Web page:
Plustek makes a large format flatbed scanner, the OS 1180 (not tested) for less than $400, and a film/slide scanner, the Plustek OpticFilm 8200i Ai Film Scanner, for $500. The only film scanners worth your time use infrared light to spot and digitally remove dust specks from the image. The dust removal process doesn’t work with most black & white film. Don’t bother with any $149 film or slide scanners.

If you have lots of slides or negatives to scan, look for a Nikon CoolScan 5000 ED, off the market but available on eBay and other auction sites. Get the auto slide feeder, too, to save time.

Using a Scanning Lab

The pain – all that time spent – of scanning slides or negatives one-by-one is very real. You may quickly decide a scanning lab is worthwhile. Most work well. Some are US operations with scanning done in Asia. Basically, you’re paying someone who makes less money than you to do work you find repetitive and boring. Some people want their photos processed onshore out of the fear (unfounded) all their memories will be lost by sloppy handling. They won’t.

To scan a 36-exposure roll of film, it might cost $9-$15, and that adds up quickly: 100 rolls of film could set you back as much as $1,500. So do this:

  • Only send the filmstrips (usually 4-5 images) where at least one of the photos is worth scanning.
  • With slides, only send the slides you want scanned.
  • Look for specials. Just about everybody discounts.
  • Verify that the lab cleans the film/slides before scanning. They should.
  • Some labs let you reject (and not pay for), say, one of every five images. You won’t get those scans back.

Some scanning labs will do simple retouching as part of the per-image fee. They can also (for fees) remove telephone wires or a long-gone boyfriend from the beach photo. Most of all, they can restore a cracked photo, even photos with chunks missing. My go-to lab is ScanCafe, but there are plenty of choices.

In addition to per image scanning, labs offer one-price boxes: everything you stuff in will be scanned for a fixed price.

Digitizing Home Movies

If you have home movies using 8mm or Super8 film stock, there’s no easy home solution other than – lots of people try this – finding a movie projector to borrow, projecting on a movie screen or ironed white bedsheet, and filming it with a video camera. It works, well, just okay.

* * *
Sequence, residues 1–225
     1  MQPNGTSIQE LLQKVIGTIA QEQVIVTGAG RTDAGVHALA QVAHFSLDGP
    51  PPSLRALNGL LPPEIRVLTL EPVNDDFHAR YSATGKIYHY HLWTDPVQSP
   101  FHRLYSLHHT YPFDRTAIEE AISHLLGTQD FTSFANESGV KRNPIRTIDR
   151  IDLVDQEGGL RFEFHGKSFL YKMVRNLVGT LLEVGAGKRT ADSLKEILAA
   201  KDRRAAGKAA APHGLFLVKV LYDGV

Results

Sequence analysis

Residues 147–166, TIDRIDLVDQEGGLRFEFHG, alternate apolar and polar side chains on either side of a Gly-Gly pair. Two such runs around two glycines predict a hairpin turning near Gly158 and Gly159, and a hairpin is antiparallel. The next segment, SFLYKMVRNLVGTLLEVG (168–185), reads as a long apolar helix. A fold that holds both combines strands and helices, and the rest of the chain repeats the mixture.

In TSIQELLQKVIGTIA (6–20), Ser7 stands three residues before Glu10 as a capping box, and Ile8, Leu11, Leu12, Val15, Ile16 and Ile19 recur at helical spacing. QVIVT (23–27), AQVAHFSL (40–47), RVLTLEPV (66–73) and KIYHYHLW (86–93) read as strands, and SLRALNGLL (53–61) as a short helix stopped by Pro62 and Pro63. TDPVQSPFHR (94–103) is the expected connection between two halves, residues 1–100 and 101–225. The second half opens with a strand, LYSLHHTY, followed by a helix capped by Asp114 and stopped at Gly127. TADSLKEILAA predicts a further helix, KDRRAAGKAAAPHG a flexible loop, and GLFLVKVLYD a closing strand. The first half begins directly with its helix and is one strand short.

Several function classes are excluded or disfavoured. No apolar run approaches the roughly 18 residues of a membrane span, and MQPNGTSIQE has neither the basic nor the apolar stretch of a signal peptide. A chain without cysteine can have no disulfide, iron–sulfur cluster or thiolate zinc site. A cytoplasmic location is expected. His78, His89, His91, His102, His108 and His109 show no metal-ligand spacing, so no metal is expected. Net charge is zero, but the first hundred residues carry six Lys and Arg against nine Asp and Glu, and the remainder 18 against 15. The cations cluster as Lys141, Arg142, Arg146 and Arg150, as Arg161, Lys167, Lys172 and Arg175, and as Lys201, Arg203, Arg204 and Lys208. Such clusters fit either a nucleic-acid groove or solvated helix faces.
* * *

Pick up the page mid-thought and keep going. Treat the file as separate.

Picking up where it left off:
A lab might charge 30 cents a foot to process movie film. Translation: Your grandfather’s reel of film that ran 3-4 minutes will cost you $15.

Digitizing videotape movies is easier. You can send it out to a lab, or digitize it on a PC with an analog video-in jack.

What to Do When You’re Done

When you’ve finished all your scanning, or at least reached a plateau where you pause, you’ll want to add metadata information to the photos: location, dates, subject, people. If you have thousands of photos, the go-to software is Adobe Photoshop Elements ($150), which includes pretty good facial recognition. I add lots of keywords, including the names of people in the photos and the occasions (vacations, Hawaii, Christmas, youth soccer, church, kayaking). Because I may not be sure of dates, I use the date feature to set a guesstimated date but also have keywords 1970s, 1980s, etcetera, which at least gives me a ballpark age of the image. (If you can ID the youngest person in the photo, you can set the date within a year or two.) Type in a town or stadium name and Lightroom adds the GPS location.

You also want to share the photos with family and friends, online and through photo books. Relatives seeing photos online may help ID people and places you didn’t. Make some prints and frame them; one hallway wall of our bedroom wing is our family history in photos. Fewer prints big is better than many 3×5 prints.

Your final steps: Be merciless in tossing prints you don’t need now that you’ve got them digitized. Store one copy of all the digital images online and another on a removable hard drive at home. A portable 5TB USB hard drive fits in a safe deposit box and holds a million 4×6 photo scans. Amazon Prime membership currently includes unlimited free storage of digital images. Backblaze sells unlimited cloud storage for $60 a year.